Satyam Fraud: SAT Quashes SEBI’s Two-Year Ban On PwC India
Vehicles pass in front of the PwC high-rise office building. (Photographer: Adam Glamzman/Bloomberg)

Satyam Fraud: SAT Quashes SEBI’s Two-Year Ban On PwC India

The Securities Appellate Tribunal quashed the market regulator’s order that barred PwC’s India network from conducting audit of listed companies after finding one of its firms guilty of lapses in the accounting fraud at the erstwhile Satyam Computers Services Ltd.

The order of Securities and Exchange Board of India is not sustainable, the tribunal said in an oral order today.

In January 2018, SEBI had barred Price Waterhouse entities from, among other things, directly or indirectly issuing audit certificates to listed companies for two years. That followed a probe into the role of the auditors in India’s biggest accounting fraud after Satyam founder Ramalinga Raju admitted to cooking up books in 2009.

SEBI had found Price Waterhouse Bangalore and its two erstwhile partners—S Gopalakrishnan and Srinivas Talluri—guilty of not complying the auditing standards prescribed by the Institute of Chartered Accountants of India.

PwC challenged SEBI’s order before the SAT, arguing that all entities holding the ‘Price Waterhouse’ name should not be punished as they were not connected to or related to alleged violations committed by Price Waterhouse, Bangalore.

Also read: The Undoing Of Price Waterhouse In The Satyam Scam Case

The tribunal, which had allowed PwC to continue auditing listed firms till the case is pending, today quashed the market regulator’s order on the following grounds:

Parameters Framed By The Bombay High Court

PWC India had approached the Bombay High Court in July 2010 for quashing of show-cause notices issued by SEBI. While disposing the appeals, the high court had narrowed the scope of enquiry by SEBI in the present case.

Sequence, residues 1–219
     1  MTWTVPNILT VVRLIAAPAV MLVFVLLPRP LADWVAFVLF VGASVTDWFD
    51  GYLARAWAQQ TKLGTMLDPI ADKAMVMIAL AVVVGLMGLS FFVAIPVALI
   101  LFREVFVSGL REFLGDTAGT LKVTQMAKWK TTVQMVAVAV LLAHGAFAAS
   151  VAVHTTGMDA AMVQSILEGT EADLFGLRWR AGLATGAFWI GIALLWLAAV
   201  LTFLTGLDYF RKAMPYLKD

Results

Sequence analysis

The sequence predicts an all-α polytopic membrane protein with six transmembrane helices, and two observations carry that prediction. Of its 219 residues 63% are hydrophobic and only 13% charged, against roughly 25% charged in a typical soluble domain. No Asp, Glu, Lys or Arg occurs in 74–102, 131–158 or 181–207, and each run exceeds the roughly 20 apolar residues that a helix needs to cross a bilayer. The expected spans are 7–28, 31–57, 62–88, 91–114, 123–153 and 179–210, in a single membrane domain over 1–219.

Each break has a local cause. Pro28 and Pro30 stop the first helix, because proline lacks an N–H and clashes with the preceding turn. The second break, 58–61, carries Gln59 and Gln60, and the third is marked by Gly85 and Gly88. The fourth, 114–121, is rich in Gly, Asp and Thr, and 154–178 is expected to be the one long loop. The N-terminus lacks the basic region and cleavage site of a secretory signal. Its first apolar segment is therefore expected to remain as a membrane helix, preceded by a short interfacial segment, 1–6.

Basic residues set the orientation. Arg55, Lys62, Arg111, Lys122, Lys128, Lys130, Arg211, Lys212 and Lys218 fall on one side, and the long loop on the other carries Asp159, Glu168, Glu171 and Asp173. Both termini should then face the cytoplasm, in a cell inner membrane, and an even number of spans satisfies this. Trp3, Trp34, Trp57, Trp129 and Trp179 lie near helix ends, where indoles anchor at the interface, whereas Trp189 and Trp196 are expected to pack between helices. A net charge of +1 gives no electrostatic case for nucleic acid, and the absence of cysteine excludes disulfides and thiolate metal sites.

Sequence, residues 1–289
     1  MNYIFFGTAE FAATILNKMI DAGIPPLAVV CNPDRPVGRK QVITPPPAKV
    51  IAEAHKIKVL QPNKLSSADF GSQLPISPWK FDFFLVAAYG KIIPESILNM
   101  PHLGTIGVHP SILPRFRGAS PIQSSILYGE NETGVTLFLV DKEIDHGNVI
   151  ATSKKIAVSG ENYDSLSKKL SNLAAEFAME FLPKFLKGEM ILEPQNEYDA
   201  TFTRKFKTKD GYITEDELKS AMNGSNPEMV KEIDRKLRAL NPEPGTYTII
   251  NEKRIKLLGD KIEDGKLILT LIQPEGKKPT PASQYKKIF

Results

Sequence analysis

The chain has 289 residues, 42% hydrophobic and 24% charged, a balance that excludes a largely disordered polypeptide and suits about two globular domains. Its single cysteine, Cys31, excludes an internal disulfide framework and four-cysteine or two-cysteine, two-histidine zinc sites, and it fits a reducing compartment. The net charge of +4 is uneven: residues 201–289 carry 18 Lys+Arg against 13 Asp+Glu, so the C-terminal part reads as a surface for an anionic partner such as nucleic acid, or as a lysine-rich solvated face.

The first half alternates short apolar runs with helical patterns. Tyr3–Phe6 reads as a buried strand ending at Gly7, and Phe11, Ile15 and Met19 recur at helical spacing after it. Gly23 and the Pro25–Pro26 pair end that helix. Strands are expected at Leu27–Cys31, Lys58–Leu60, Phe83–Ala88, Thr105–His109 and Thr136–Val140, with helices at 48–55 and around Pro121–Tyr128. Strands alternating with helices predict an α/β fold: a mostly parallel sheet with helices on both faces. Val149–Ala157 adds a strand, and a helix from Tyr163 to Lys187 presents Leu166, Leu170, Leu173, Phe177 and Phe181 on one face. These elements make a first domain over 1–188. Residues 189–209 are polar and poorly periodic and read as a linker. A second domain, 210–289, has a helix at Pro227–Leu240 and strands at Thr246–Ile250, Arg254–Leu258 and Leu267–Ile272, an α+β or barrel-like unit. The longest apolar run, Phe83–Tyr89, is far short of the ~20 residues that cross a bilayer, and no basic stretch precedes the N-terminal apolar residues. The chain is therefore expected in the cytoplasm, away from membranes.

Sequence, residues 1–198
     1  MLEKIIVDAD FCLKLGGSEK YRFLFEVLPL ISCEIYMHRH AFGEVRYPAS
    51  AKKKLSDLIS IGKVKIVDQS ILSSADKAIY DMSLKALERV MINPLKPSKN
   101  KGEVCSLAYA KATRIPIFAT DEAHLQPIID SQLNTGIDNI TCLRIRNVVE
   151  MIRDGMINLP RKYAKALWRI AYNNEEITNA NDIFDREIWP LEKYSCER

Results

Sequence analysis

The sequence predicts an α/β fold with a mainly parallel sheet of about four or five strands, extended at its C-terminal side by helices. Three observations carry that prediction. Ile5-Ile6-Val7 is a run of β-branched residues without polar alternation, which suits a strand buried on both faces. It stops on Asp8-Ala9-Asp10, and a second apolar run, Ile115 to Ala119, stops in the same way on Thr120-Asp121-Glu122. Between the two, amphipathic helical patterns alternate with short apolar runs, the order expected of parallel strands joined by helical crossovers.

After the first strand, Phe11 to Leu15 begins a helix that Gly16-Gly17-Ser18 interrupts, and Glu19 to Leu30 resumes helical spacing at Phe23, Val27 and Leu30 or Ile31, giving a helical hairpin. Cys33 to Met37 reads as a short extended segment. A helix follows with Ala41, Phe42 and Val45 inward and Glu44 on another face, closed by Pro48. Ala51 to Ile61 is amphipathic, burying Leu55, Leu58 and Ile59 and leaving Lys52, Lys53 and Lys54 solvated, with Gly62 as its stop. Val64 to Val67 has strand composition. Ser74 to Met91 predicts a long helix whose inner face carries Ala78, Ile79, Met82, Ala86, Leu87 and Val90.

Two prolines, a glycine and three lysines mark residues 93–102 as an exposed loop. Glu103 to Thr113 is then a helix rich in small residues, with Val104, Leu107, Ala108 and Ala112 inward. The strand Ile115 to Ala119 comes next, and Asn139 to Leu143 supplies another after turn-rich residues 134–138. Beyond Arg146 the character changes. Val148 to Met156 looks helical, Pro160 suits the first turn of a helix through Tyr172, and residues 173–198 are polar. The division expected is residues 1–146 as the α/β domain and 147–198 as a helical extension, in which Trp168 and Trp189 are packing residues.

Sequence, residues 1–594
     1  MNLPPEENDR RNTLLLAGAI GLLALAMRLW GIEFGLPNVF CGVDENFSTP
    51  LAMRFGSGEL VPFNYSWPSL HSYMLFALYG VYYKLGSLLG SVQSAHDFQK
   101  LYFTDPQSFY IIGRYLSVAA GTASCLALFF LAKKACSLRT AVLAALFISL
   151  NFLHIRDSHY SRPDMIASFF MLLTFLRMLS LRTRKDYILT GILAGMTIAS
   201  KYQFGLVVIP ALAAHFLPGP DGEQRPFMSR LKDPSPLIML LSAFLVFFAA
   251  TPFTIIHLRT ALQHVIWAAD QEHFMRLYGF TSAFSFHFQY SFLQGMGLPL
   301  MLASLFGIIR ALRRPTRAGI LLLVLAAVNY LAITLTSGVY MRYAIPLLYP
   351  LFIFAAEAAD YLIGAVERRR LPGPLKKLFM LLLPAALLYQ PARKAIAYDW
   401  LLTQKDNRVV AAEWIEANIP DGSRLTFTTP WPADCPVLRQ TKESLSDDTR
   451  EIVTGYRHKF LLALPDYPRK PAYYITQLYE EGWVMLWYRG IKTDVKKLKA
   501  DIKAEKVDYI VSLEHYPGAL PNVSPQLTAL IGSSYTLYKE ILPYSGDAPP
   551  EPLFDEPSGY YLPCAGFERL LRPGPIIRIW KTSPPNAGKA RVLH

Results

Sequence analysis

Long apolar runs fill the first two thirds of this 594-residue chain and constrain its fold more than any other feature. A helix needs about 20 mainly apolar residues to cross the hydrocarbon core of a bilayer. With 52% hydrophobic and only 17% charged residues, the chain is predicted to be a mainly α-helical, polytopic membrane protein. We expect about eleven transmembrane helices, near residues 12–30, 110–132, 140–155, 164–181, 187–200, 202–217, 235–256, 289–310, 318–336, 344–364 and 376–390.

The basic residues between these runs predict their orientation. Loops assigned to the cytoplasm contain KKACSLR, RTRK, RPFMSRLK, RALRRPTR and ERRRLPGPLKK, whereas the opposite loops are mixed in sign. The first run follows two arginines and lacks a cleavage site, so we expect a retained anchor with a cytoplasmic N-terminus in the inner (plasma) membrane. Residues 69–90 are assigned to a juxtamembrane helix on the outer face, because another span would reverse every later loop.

SEBI was directed by the high court to check whether there was a conspiracy and involvement of the auditors in the fraud at Satyam Computers. The high court had noted that PWC was a chartered accountancy firm and involved in the audit of books of accounts.

Relying on directions of the high court, the tribunal held that SEBI deviated from the scope of enquiry by holding that negligence by the auditors amounted to fraud under its Prohibition of Fraudulent and Unfair Trade Practices regulations.

Mens Rea- Guilty Intention and Fraud

Mens Rea, or an intention to commit crime, is an essential element to prove guilt in certain offenses. The court held that SEBI’s approach in equating recklessness with mens rea was erroneous.

The findings by a whole-time member of the regulator were based on the premise that the auditors were reckless and negligent in conducting the audit. Hence, the tribunal concluded that SEBI could not establish a finding which proved that the auditors had intention to connive or collude with the management in fabrication of accounts.

The approach adopted by the respondents is patently misconceived and based on surmises and conjectures. In the instant case, there is overwhelming evidence to show that the fabrication and falsification of books of accounts was done only by the top management of Satyam Computer Services Ltd. and that the engagement partners as well as the audit firm had no clue nor had any hand in this fraud.
Order of the Securities Appellate Tribunal 

Role Of An Auditor

The tribunal relied on past decisions of the Supreme Court and the English Court where it was consistently held that an auditor is bound to exercise a reasonable amount of care and skill.